Maddie Calais in Feathers and Teeth.
Maddie Calais in Feathers and Teeth.
Photo by Gentle Bear Photography

Mildred's Umbrella Gives Us Chills to Spare in Feathers and Teeth

Nobody gives presents to celebrate Halloween, but Mildred's Umbrella Theater Company certainly does, wrapped in blood red and oozing under the door.

Feathers and Teeth (2015) is a doozy, a trick-or-treat treat that's tasty, bleakly ironic and boisterously disturbing. It's candy corn laced with shards of glass. Eat at your own peril.

What begins as a cartoon ends in roiling toxic clouds from Twilight Zone, Dexter and bilious shades of Son of Sam. This is modern “Grand Guignol” with comic vengeance and wily perception.

Derived from the unquenchable Elizabethan taste for blood lust, the French Grand Guignol satisfied the late 19th century's penchant for horror, revenge and realistic stage effects. By every contemporary account, the blatant sadism left patrons faint or aroused, usually both. Strangulation, rape, mental illness, blinding with scissors, slitting of throats, or a chisel into the brain were common occurrences in these gory plays. The stage portrayed a world gone mad, an underworld of depravity and debauchery, with a hyper-realistic style that existed well into the 20th century. Living through the horrors of WWI was child's play compared to these twisted psychological attacks that amplified the world's gross inhumanity. Fantastically successful, this original theater of cruelty waned after the very real horrors of WWII became common knowledge.

But there's nothing like a good scare, a muffled bump in the night, an animal's wounded whimper under the floorboards, or a stepmother from Hell. Mildred's Umbrella gives us chills to spare.

What begins as a typical psychological study of teen Chris (Maddie Calais), who's not dealing very well with the recent death of her beloved mother and the surprise romance of Dad (Jeff Miller) with Mom's sexy nurse, Carol (Danielle Kristen Bunch), the play turns quickly into a curdling, wondrous theatrical fantasy of horror and comedy. I will not spoil the savory surprises in the plot's serpentine turns and detours; I leave them for you to discover, but, believe me, it's a delightfully surreal roller-coaster ride. Buckle up.

While there are moments when you wish director Jacey Little would turn down the artifice – the first scene is mauled by sledgehammer timing and forced sitcom style – the play's strength soon overcomes any apprehension. This quirky drama soon finds its dark true voice, and it's off and singing.

Where else would you find a stew pot filled with cannibalistic creatures who may be, or may be not, avatars of Chris's subconscious? Where else would you find the nerdiest of nerds in weird Boy Scout Hugo (Wesley Whitson, absolutely phenomenal and eye-catching), who will do anything for Chris's approval? Did pregnant lover Carol kill Chris's mom, or did Dad suffocate his wife because of Carol's Delilah allure? And who unearthed those eerie little critters and brought them into the house anyway?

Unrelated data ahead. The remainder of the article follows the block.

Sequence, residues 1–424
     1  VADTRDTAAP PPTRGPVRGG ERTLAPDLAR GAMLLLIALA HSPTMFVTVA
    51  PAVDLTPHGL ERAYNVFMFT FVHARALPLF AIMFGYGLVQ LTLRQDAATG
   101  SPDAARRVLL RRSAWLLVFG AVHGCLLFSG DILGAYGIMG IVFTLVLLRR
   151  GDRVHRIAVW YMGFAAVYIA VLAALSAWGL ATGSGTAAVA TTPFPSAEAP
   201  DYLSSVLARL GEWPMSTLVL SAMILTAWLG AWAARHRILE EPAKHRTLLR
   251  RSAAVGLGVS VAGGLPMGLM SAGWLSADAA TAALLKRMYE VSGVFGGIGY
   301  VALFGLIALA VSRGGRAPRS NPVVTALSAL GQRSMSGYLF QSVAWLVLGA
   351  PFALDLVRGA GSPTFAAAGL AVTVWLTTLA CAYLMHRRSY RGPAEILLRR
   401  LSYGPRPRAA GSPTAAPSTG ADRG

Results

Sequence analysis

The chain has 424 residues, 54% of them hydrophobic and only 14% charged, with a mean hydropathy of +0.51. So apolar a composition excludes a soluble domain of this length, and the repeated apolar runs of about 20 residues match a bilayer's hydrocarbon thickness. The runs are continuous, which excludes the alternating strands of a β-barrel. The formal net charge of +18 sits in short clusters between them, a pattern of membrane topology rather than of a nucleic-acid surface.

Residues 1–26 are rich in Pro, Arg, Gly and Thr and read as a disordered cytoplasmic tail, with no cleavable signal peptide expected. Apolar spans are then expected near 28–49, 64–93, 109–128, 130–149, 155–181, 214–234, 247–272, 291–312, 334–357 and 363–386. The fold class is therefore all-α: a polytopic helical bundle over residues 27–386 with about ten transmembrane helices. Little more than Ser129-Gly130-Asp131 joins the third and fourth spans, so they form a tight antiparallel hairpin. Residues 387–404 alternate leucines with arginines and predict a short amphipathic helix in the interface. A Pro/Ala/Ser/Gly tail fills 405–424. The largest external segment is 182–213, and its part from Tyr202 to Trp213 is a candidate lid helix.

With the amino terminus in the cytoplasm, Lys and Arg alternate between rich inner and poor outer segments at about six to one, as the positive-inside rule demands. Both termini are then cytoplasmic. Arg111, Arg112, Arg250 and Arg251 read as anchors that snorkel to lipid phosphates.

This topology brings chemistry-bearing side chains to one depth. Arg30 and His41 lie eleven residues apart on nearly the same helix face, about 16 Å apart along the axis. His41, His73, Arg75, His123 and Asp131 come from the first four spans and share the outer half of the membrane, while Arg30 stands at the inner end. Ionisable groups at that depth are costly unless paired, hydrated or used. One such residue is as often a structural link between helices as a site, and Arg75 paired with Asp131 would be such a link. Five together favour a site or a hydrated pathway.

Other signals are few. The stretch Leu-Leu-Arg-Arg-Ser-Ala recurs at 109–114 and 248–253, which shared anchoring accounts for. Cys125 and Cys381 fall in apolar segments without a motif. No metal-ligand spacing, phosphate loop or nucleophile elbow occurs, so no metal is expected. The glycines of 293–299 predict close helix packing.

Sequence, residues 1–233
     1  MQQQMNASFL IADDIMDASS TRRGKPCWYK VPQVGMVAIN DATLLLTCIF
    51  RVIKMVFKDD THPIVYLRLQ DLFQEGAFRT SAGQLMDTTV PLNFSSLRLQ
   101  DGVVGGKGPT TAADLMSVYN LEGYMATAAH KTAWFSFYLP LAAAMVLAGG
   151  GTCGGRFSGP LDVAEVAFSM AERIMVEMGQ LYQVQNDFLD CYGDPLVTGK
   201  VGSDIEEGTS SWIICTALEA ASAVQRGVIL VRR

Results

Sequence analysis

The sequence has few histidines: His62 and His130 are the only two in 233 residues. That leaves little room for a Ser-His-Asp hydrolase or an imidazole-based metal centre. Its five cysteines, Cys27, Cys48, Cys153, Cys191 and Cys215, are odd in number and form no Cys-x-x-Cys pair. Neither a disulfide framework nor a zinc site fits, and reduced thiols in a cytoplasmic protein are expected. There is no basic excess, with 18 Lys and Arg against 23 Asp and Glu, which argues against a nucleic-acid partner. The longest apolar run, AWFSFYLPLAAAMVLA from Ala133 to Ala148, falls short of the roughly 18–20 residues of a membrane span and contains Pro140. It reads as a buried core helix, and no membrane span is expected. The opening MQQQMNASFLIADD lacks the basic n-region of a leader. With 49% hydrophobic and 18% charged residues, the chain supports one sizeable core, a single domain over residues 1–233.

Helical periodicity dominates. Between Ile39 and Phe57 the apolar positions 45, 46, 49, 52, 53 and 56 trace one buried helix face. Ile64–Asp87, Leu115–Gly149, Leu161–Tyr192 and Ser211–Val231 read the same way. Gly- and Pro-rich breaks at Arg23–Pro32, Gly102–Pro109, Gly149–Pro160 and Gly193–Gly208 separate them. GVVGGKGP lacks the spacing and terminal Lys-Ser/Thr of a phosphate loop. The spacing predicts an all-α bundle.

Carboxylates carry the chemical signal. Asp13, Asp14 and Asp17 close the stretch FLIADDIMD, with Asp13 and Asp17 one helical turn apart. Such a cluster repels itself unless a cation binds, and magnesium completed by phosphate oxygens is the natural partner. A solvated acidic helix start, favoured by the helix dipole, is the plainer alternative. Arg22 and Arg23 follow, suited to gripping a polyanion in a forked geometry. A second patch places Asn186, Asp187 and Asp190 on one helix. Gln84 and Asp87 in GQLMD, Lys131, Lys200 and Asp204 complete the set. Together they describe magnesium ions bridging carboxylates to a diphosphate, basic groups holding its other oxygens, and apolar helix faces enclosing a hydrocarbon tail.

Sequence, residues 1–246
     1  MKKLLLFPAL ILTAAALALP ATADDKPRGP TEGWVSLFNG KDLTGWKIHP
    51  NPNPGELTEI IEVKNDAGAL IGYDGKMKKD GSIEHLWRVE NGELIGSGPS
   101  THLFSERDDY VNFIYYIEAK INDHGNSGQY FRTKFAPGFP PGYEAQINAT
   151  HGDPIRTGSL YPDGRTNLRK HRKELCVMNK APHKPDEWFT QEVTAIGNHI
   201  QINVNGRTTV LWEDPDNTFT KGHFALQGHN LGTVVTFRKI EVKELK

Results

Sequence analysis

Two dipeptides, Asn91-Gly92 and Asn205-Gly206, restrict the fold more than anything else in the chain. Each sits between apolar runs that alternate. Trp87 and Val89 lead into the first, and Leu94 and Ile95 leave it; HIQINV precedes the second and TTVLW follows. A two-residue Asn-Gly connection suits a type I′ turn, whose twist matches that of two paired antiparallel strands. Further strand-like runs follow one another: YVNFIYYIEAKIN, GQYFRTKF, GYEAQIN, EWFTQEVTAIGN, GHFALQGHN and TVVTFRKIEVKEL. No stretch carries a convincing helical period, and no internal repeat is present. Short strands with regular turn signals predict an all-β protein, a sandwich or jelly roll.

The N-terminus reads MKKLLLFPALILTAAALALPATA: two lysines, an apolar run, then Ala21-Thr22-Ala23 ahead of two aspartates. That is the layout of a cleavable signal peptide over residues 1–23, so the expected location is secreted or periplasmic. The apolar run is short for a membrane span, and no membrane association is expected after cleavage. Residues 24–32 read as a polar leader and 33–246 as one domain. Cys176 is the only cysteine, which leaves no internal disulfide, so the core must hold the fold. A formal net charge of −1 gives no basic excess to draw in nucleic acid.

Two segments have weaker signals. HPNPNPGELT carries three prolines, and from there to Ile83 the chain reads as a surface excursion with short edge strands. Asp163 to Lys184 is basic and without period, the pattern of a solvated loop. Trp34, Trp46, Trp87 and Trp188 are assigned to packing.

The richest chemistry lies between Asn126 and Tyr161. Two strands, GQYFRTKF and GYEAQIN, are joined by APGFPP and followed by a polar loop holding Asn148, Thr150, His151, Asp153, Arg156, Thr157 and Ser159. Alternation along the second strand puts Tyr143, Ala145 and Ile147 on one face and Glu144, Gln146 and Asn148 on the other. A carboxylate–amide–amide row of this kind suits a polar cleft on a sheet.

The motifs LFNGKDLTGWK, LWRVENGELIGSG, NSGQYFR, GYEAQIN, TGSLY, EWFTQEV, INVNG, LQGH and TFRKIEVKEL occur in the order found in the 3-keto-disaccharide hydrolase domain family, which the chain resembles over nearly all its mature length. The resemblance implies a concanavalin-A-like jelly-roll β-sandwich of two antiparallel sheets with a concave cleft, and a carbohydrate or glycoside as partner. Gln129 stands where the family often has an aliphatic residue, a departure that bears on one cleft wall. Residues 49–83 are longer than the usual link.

There are superb animation sequences by Tim Thomson and Todd A. Winter, projected in Chris's reveries, that are so stunning and right you think the play might not recover from such imagination, but it does. These miniature little dramas, augmented by Gregory Starbird's stunning, candle-like lighting, add to the disquiet as Smith's weird story spins off into territory incognito.

This play is a wonderful discovery, a tad bumpy in execution and somewhat amorphous in the finale's staging, but what fun for Halloween.

Miller, a venerated pro from Catastrophic Theatre, brings his oily, Everyman charm to the role of Arthur. In his polyester shirt, gold chain and permed black hair, he's obnoxious yet equally sympathetic, the perfect patsy. You're not sure whether to laugh at his pretension or cry at his innocence. It's the perfect Miller part.

Bunch has the most difficult role. Is she evil alien or obvious sexpot? Director Little doesn't help, allowing Bunch to overplay the beginning scenes as if she's a stereotypical shrew from some '40s Warner Bros. cartoon. Immediately we're suspicious, instead of on her side. We may be manipulated by Smith's cagey plotting, but we've got to root for Carol as much as we root for Chris; it's only fair.

The physical comedy shtick with Hugo and the garden hose is stupid and obvious, not at all appropriate for what playwright Smith is trying to say, but the moment passes because of Whitson's incredibly full characterization. Mesmerizing and odd beyond comparison, he's the most alive onstage. Hugo – and Whitson – is worthy of his own play.

Like O.J. Simpson's Brentwood crime scene, blood follows us. We have to step over pools as we walk by the stage; splatters cover the bar area; and I swear I saw incriminating droplets outside on the veranda leading to the parking lot.

Smith's little “teufels,” “devils” in German, are on the prowl at Mildred's Umbrella. Holy Halloween, what a show!

Feathers and Teeth continues at 8 p.m. Thursdays, Fridays and Saturdays and 3 p.m. October 29. Through November 4. Studio 101, 1824 Spring Street. For information, call 832-463-0409 or visit mildredsumbrella.com. $15 to $25.

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